Wednesday, December 17, 2008
Dancing on Laughter Silvered Wings
Today is the 105th anniversary of Orville and Wilbur's first flight off the dunes of Kitty Hawk, N.C. And as much as things have changed aviation-wise -- flying is no longer a big deal and we have been to the moon -- they also stay the same.
Here's the lede from the NYT's story about the brothers' flight:
"WASHINGTON, Dec. 25 -- The inventors of the airship which is said to have made several successful flights in North Carolina, near Kitty Hawk, are anxious to sell the use of their device to the Government. They claim that they have solved the problem of aerial navigation, and have never made a failure of any attempt to fly."
The first thing that jumps out at me is as soon as man manages to lift his ass a measly 10 feet off the ground, the first idea in his mind is to sell the gadget to the feds. Like most defense contractors the brothers were probably praying to god they could recoup their R&D costs. The second is the straight up lie in the second sentence, they "never made a failure of any attempt to fly."
The reason the first flight was on Dec. 17 is because the brothers had spent the previous three days fixing their plane after Wilbur, who'd won a coin toss, crashed it during their first attempt at powered flight on Dec. 14th. Also, at the end of the fourth flight of the day, an 852-foot, 59-second journey, Wilbur, again, crashed further damaging the aircraft.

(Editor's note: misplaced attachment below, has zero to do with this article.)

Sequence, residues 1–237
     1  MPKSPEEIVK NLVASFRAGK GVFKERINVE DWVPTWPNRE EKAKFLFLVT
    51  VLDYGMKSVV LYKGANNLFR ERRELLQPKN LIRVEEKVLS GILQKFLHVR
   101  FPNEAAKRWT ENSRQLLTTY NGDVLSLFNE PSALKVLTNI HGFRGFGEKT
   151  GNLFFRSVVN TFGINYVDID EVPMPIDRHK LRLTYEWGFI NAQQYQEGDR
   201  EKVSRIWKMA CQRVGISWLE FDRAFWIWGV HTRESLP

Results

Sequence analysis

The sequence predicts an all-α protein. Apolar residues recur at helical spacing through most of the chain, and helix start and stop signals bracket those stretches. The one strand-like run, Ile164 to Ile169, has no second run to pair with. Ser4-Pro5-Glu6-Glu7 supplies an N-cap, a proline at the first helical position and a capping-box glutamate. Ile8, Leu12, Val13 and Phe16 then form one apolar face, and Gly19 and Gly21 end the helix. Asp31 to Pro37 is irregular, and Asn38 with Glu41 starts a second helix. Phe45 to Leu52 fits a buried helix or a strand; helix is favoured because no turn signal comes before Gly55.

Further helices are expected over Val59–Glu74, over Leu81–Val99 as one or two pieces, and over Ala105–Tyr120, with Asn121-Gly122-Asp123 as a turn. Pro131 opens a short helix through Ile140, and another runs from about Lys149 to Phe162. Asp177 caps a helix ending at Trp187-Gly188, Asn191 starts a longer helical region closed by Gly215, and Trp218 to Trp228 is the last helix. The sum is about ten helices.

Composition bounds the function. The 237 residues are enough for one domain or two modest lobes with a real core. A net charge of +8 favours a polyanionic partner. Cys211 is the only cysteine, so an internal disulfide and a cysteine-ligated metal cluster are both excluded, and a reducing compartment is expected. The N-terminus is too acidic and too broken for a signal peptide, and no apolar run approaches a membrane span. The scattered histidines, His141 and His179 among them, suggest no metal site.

Adding insult to injury, the Flyer was damaged further when it was flipped several times by gusts of wind later that day. It never flew again. Unfortunately, while inventing the airplane the brothers forgot to invent the tie-down strap.
Of course, reading the sentence closer "never made a failure of any attempt to fly" could be read as "we always got some useful data out of each of our attempts to fly even if we did crash and mess up our fragile spruce plane."
All of that aside, one of my favorite childhood memories was going to the North Carolina shore with my family each year. I still remember walking along the Outer Banks as a boy (never OBX, thank god those stupid stickers are finally disappearing), feeling the wind in my face wondering if it was the same for the brothers.
Two bicycle mechanics from Dayton, Ohio, who thought "Hey, wouldn't it be cool to fly?" changed the face of the world as we know it. Is it still possible to do this today? What questions are left out there asking to be answered? Can the world still change in a moment of discovery?